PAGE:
[Enter your text here]


Blank page
"We work for you. Not for our boss"
Everything you want to know about Emerald Ash Borer
Arbor Doctor has always went above and beyond when it comes to knowledge of the latest and greatest breaking news.  Well Emerald Ash Borer may be old news and everyone is talking about emerald ash borer and what it can do to your trees.  Tons of information is on the Internet regarding this insect.  You can learn about just about everything to do with this insect.  You can also learn how to treat against it.  Here on this page I am going to fill you with information on emerald ash borer.  I will give you every picture that I could find on this subject and break down what the pictures are trying to show you in easy to read terms. 

Ok, so this really neat huge picture on the left hand side of this page is one of the best detection devises that I could find on the Internet.  It is really self explanatory and gives you just about everything you could ever ask for in the field of finding emerald ash borer. 

First, you will see the different shots of the emerald ash borer.  One is on top, one on bottom, and of course these little pest can fly too so they have a pic of one with its wings out.  It is hard to tell the size of these little guys so I gave you a nice picture here on the bottom to relate the bug to something you will probably have in your pocket or purse at all times.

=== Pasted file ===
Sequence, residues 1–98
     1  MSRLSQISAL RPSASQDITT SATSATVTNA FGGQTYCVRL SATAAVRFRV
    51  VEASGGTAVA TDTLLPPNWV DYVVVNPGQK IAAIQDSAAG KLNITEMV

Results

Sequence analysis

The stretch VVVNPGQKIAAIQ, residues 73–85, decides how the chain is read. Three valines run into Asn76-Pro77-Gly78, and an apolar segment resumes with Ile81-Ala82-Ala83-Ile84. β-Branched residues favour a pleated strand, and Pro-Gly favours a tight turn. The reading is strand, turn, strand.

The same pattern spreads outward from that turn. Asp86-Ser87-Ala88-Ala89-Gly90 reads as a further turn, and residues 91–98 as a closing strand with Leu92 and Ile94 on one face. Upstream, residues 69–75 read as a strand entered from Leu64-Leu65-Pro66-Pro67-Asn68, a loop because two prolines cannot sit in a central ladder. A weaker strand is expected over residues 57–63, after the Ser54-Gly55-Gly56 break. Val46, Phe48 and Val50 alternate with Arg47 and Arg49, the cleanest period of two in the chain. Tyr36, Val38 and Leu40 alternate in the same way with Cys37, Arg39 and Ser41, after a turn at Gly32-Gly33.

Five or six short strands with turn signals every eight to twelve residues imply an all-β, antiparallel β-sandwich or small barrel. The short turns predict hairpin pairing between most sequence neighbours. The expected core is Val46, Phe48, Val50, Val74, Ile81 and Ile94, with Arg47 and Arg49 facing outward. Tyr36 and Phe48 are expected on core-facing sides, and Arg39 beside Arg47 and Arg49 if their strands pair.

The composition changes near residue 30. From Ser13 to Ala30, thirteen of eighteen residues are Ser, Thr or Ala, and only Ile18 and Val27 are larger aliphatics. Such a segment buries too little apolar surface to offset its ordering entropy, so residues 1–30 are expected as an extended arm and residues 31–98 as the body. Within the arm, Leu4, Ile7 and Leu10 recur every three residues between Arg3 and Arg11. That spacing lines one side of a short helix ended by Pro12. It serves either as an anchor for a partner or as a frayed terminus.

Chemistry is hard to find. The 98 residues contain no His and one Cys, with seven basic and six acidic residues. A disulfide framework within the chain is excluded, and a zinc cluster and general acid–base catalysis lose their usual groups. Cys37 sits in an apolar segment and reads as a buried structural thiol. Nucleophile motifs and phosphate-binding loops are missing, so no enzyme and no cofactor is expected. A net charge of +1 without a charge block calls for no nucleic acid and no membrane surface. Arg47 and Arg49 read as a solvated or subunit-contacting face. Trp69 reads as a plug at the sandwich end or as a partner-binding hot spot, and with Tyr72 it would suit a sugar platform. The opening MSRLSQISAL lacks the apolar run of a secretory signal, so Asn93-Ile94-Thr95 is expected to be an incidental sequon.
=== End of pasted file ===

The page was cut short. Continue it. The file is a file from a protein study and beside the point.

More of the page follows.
Maybe the most confused thing that people fail to do is identify that they have an ash tree.  I have a whole page that does this so I would suggest that you refer to it at the following link  ASH TREE IDENTIFICATION.   Otherwise you can follow on with the picture on the left.  You will see a nice map of the Midwest region and the areas that are effected by emerald ash borer.  Next your will see a group of ash leaves.  And finally you will see the buds.  I like the link on this page quite a bit better so check that out.

Next is the identification that your tree may have emerald ash borer.  I would tell you to never just jump to conclusions because you see some of the signs thinking you have emerald ash borer.  There are nearly ten different insects that feed on ash trees and money of them leave similar effects.  But if you see any of the signs in the pictures on the left here you will want to have your tree inspected and most likely treated.